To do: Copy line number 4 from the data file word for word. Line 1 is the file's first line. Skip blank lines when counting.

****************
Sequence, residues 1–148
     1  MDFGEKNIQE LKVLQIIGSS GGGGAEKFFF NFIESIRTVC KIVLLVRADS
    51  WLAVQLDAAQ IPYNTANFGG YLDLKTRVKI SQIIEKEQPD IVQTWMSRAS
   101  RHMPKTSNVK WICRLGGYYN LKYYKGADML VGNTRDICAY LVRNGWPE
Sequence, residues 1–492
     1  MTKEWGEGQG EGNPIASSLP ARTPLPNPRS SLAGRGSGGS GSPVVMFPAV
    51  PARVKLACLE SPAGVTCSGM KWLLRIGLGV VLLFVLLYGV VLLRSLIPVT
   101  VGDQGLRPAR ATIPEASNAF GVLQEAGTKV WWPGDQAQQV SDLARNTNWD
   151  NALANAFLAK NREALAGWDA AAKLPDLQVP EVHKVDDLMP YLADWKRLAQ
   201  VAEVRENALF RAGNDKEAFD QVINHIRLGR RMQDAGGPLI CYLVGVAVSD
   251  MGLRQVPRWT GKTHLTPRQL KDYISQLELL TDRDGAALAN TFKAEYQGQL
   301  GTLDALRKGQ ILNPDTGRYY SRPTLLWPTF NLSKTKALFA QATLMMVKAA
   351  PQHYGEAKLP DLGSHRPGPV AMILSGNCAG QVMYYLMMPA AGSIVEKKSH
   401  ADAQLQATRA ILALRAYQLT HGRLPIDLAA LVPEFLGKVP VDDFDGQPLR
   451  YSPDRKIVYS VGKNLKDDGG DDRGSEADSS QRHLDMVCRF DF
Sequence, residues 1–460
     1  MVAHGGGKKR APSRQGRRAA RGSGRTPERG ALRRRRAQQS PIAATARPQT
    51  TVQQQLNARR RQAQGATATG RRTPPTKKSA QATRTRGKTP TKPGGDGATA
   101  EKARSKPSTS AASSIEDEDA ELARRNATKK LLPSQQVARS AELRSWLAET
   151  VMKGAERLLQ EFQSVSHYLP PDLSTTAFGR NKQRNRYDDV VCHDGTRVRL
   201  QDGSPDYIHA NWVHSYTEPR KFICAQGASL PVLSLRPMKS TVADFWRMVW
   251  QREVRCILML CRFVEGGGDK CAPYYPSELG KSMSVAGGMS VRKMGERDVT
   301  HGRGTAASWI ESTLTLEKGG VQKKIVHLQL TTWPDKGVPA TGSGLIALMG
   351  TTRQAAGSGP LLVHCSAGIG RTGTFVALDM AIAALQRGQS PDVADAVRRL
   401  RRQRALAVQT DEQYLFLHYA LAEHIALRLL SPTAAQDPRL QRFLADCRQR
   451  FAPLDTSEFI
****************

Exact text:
   101  RHMPKTSNVK WICRLGGYYN LKYYKGADML VGNTRDICAY LVRNGWPE